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Unbeaten Greenbrier West preps for quarterfinal against Rebels

CHARMCO, W.Va. — Toby Harris, Greenbrier West’s first football coach in program history, returned to the Cavaliers’ sideline a year ago and helped lead the team to 10 victories, a Class A quarterfinal and their first winning season since 2014.

Harris’ Cavaliers have won all nine of their contests in 2020 and Class A’s No. 2 seed takes to its home field at 1:30 p.m. Saturday to welcome Ritchie County in a Class A quarterfinal.

Greenbrier West enters as the state’s lone remaining unbeaten outside of Class AAA — and just one of three teams statewide without a loss.

“It’s been a great season,” Harris said. “We were lucky we got to play eight straight games and we’re happy to be a lot more fortunate than a lot of schools throughout the state.”

Along the way to its 8-0 regular season, the Cavaliers won every game by at least 20 points, scored 34 or more in every contest and recorded a pair of shutouts.

“We had several kids back that had success last year, so they were confident coming in,” Harris said. “Some of our other kids have improved as we’ve gone through.”

Yet following a 41-14 triumph over Sherman on Oct. 23, GWHS was out of action until last Saturday’s first-round playoff matchup — a 58-0 win over Madonna. The COVID-19 pandemic, which has impacted every team across the state at some point this season, forced the Cavaliers out-of-action for the final two weeks of the regular season after a student tested positive for the virus.

Harris’ team didn’t lose any momentum, however, and instead picked up where it left off with a convincing win over the Blue Dons to begin postseason play. Quarterback Kaiden Pack threw for 125 yards and three touchdowns, while Cole McClung carried 11 times for 125 yards and a score to go with an interception.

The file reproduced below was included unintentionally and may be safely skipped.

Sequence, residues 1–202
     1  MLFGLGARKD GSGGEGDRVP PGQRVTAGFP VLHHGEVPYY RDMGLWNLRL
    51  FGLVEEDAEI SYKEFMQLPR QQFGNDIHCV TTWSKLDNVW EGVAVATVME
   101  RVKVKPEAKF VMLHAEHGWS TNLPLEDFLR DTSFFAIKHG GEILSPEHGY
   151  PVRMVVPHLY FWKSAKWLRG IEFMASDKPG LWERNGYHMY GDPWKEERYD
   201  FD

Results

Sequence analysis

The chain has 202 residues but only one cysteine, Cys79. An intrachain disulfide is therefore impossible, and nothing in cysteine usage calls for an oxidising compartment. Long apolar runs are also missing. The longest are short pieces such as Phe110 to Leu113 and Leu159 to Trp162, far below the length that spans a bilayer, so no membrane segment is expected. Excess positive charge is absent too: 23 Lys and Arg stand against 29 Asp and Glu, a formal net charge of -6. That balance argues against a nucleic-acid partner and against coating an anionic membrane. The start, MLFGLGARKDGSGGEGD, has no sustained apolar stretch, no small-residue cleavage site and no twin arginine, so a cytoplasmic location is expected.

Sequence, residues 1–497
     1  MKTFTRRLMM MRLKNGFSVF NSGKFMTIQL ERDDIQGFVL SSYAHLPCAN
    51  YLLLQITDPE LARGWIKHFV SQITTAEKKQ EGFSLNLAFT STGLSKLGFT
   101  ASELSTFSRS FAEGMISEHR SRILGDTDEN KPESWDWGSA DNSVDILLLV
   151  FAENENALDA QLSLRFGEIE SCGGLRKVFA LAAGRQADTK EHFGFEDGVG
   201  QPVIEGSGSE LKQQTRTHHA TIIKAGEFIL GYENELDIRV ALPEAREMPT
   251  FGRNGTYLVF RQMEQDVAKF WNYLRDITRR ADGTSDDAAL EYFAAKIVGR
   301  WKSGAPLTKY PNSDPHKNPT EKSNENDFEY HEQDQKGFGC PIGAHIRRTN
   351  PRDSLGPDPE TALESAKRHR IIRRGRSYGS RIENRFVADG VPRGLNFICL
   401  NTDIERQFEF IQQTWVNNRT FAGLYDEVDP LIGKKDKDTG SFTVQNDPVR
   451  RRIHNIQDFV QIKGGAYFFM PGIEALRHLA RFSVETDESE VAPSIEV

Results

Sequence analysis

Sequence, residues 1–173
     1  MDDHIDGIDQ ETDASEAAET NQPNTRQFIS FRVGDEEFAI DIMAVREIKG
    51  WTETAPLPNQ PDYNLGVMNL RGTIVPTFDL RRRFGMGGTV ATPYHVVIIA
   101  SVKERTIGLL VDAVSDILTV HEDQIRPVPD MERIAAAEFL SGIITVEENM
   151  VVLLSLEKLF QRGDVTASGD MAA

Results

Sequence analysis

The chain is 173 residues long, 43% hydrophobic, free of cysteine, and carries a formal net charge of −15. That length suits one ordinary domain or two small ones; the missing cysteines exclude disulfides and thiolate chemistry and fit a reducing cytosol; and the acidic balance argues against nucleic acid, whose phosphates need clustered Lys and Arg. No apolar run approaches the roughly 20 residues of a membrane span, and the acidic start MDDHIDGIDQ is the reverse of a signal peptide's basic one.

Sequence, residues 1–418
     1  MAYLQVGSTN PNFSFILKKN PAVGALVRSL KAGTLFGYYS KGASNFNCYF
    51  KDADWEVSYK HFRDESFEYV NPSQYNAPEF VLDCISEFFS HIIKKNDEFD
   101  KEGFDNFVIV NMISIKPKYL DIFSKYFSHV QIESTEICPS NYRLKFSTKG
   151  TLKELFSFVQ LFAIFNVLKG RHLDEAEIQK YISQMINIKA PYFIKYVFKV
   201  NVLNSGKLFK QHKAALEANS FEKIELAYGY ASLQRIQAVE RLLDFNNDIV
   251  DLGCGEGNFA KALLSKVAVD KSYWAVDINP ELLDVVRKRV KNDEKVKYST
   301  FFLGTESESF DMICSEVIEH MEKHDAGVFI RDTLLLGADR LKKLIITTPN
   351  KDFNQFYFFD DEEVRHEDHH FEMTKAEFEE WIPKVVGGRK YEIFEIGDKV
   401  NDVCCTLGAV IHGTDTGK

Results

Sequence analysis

About the only thing that went wrong for GWHS was an injury to all-state running back Noah Brown, who rushed for a first-quarter touchdown before leaving the game with a lower right leg injury.

Earlier this week, Harris deemed Brown questionable to play against the Rebels, but added, “he’s on crutches and although nothing’s broken, he has a long road to get back to full speed.”

That could put an added emphasis on Pack, who has keyed an improved passing attack with 13 TD passes this season.

“We’ve improved in areas we weren’t so good at last year, which has helped us,” Harris said. “We were and still are primarily a running team. But last year we didn’t throw a whole lot and we kept working with our quarterback and receivers. Pack worked hard at throwing the ball in the offseason and the receivers have gotten better throughout the year. 

“(Assistant) coach (Isac) Osborne is a really good offensive coach and throwing more has paid off for us. We run the ball, but you can’t load up on us like last year.”

Still, there’s no denying the challenge that awaits the Cavaliers in the form of the seventh-seeded Rebels. Out of 48 teams to qualify for the postseason, Ritchie County (9-2) was the only one with 10 regular season results. The Rebels have won seven straight and their two losses were by a combined nine points to St. Marys and Doddridge County — two of the top four seeds in Class A.

In 2019, Greenbrier West and Ritchie County saw their seasons end one day apart — the Cavaliers with a quarterfinal loss to Williamstown and the Rebels with a setback to Wheeling Central in the same round.

With the winner in line to host a semifinal game the following week, much is at stake Saturday afternoon.

“Ritchie is a really good team,” Harris said. “They’re a lot better than most teams we’ve faced this year. They’re well-coached and they have good athletes. They’re a lot like us in that last year they had success and a lot of kids are back. They’re playing really good football right now, so we’re looking at a tough game.”